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Match your words with right action, Saab’s Defence Team urges Cape Verde’s President


Match your words with right action, Saab’s Defence Team urges Cape Verde’s President

Following a remark made by the President of Cape Verde, Jorge Carlos Fonseca, over the Independent of the Judiciary in the country, the legal team of the detained Venezuelan diplomat, Alex Saab has urged the President to match his words with right action and allow Saab to enjoy the dividends of court verdicts passed in his favor.

Saab’s legal team attributed its stance on the call to allow the Judicial arm to work independently without undue interference from the executive or any other interested parties over a recent interview granted by the President where he openly posited that, the only arm of government in Cape Verde saddled with the responsibility of enforcing, or stay clear of the recommendations of the UN Human Rights Committee on Saab’s case, is the Judiciary which is globally believed as the last hope of the common man.

Fonseca while addressing reporters debunked responsibility and legitimacy of the Head of State, the Prime Minister or the Minister of Justice to influence the decision of the court.

The President made it clear that, even if he gas interest in the case as widely believed in some quarters, his stance can’t override the position of the court on the matter, as his office is not empowered by the law to order arrest or release of a suspect.

Reacting to the claims made Fonseca, Saab’s defence team, in an open letter on June 14, stressed that while it reassuring to read that the President is not against the decision of the United Nations Human Rights Committee in the case of the arbitrary detention of Alex Saab, it is more disturbing from all indications that he is relying on the judicial branch to decide on this issue.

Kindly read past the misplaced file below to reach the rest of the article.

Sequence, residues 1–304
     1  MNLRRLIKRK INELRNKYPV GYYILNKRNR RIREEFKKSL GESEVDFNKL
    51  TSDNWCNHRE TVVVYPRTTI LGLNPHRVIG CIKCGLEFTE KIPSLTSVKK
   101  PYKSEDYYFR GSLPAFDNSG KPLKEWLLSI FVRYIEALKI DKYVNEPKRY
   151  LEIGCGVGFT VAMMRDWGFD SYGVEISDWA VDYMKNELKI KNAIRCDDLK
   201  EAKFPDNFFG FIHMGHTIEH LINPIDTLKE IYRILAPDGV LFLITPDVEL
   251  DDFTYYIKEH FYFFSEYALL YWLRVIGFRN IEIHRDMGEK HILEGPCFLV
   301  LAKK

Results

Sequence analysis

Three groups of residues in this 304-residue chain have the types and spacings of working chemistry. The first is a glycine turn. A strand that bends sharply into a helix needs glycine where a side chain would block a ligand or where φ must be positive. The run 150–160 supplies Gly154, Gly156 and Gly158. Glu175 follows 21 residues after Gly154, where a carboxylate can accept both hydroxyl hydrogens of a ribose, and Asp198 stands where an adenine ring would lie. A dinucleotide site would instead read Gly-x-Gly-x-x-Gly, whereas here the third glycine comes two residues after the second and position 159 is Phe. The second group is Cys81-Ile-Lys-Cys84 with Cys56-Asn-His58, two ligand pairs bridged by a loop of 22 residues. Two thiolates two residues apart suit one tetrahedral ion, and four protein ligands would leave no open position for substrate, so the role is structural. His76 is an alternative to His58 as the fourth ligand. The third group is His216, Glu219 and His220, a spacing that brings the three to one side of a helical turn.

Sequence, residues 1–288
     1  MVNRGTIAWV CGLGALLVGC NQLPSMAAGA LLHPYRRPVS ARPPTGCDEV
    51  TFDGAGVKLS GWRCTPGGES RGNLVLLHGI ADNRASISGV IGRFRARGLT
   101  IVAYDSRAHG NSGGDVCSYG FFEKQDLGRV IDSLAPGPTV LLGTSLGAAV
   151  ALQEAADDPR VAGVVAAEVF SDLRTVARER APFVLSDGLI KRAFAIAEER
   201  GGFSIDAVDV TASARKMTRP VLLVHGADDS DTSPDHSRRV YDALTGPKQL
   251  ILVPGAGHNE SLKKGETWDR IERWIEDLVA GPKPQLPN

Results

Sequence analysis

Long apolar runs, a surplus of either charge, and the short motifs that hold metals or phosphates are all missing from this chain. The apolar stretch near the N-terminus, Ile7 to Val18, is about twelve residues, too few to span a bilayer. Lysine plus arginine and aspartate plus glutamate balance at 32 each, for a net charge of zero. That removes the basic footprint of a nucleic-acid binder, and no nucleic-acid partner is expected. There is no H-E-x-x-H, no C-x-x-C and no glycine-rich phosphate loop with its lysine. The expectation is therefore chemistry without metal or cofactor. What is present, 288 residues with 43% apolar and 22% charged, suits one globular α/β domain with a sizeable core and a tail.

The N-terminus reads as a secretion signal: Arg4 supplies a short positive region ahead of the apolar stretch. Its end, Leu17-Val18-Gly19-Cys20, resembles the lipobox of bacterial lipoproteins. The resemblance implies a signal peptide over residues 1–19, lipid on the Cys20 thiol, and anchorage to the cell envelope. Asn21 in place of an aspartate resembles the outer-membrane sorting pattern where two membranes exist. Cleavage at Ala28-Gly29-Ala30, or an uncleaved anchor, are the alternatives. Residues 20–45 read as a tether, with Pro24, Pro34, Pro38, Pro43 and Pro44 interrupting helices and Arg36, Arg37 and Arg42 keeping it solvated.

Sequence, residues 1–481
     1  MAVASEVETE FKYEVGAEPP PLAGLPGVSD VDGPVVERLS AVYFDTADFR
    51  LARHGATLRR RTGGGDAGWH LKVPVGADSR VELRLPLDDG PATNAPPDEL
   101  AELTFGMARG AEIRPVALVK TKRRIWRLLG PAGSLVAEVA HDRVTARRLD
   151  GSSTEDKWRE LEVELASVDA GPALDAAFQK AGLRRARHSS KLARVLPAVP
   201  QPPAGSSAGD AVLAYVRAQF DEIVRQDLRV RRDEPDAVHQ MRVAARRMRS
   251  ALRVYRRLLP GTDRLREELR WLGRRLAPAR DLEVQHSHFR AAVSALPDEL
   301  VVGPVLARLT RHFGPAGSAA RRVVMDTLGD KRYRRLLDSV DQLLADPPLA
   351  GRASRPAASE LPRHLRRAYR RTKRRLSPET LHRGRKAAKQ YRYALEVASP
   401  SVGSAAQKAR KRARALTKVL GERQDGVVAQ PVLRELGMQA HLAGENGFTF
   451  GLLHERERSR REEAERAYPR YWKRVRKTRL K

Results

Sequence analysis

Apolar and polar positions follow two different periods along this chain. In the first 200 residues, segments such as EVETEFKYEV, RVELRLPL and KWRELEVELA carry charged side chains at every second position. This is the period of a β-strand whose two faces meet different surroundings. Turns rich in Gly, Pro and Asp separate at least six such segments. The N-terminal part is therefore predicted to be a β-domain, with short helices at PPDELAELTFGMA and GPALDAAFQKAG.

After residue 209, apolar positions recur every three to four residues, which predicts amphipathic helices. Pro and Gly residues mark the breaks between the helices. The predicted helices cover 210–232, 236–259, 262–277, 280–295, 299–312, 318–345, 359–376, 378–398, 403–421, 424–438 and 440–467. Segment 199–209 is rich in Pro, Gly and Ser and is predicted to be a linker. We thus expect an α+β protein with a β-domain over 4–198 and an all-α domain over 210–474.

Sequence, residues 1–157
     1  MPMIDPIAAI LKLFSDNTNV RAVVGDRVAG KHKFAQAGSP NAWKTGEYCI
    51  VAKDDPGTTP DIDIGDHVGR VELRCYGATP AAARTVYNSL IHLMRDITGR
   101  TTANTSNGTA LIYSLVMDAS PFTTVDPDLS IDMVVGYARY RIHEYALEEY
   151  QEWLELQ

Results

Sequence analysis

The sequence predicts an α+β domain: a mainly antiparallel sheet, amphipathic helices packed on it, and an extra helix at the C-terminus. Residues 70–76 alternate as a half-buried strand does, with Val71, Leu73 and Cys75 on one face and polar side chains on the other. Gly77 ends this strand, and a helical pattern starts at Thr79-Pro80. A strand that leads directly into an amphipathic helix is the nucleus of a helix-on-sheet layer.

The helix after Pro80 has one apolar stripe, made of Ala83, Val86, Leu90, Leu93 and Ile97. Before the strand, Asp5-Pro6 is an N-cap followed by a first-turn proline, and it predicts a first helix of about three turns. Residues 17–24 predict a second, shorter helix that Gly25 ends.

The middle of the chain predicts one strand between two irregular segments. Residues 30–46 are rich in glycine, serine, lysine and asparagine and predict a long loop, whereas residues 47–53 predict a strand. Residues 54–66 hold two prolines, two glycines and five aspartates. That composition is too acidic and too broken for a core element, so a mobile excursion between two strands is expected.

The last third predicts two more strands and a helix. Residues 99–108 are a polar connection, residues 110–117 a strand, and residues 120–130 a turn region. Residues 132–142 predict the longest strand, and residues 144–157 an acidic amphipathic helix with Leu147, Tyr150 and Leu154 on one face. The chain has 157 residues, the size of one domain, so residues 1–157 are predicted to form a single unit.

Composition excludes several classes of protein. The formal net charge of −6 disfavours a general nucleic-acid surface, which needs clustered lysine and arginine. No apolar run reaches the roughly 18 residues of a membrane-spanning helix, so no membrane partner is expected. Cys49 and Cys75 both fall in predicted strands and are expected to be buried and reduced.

The team noted that the United Nations in its decision of 8 June 2021, addresses him, the judges of Cabo Verde, and all branches of the government and as such, “the respect of human rights is not the monopoly of anyone, it is everyone’s business and it requires courage.” 

The team clearly pointed that the President’s position, is alarming for at least two major reasons. 

“First, the decision of the Human Rights Committee is intended to ensure that Cape Verde respects very basic principles of humanity and dignity. In particular, it demands that Ambassador Saab be given access to adequate medical care, to independent doctors of his own choosing, and that the extradition process that puts him at certain risk of torture and ill-treatment be suspended. It is surprising, to say the least, that the Head of a sovereign state cannot guarantee that these elementary principles of humanity will be respected on its territory. It is even more worrying that a Head of state clearly does not have sufficient institutional authority to ensure that basic principles of dignity are respected. In both cases it is disquieting: either the head of state cannot enforce elementary requirements of human dignity to one of his prisoners, and his power is very limited; or he does not want to, and shows himself as someone unappreciative of the need to respect basic human rights.”

“Second, the Committee’s decision and the human rights obligations are binding “on every State Party as a whole. All branches of government (executive, legislative and judicial), and other public or governmental authorities, at whatever level – national, regional or local – are in a position to engage the responsibility of the State Party”, to quote the Human Rights Committee (General Comment 31, para. 4). This type of response, which consists of a head of state or a minister placing the blame for the violation on another branch of power, arguing that the separation of powers prevents him from enforcing human rights, or saying that it is not up to them to ensure humanity but up to the court for instance to decide, is a classic response of weak or authoritarian states. “

The team stressed that during Fonseca’s visit to the International Criminal Court in December 2018, he said, “Cape Verde as a democracy and a state based on the rule of law is always with justice, respect of international law, democracy and liberties”. 

The team reminded the President that people with keen interest across the globe are following his actions and in actions and urged him to walk the talk by summoning courage to let the Judiciary do what they are legally empowered to do without any interference.

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